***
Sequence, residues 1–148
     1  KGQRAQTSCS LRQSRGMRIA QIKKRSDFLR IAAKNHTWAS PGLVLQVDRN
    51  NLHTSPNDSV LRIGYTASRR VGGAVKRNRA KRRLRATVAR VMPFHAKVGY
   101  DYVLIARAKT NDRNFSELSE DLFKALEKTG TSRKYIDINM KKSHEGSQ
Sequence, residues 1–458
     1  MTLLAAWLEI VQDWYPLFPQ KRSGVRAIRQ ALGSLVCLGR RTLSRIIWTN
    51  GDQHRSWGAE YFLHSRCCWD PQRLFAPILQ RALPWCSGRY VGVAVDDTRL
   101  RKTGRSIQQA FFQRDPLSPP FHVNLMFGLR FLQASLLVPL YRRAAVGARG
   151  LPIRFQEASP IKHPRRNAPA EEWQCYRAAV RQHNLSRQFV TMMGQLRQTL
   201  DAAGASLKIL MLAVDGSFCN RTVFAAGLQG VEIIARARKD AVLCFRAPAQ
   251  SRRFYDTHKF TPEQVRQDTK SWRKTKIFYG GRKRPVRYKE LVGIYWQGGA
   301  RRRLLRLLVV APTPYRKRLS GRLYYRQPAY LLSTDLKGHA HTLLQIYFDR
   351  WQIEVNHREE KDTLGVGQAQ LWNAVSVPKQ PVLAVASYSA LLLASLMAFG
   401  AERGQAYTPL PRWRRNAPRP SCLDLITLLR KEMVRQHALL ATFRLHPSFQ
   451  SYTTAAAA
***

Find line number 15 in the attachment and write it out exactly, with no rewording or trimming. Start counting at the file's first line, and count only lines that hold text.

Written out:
   451  SYTTAAAA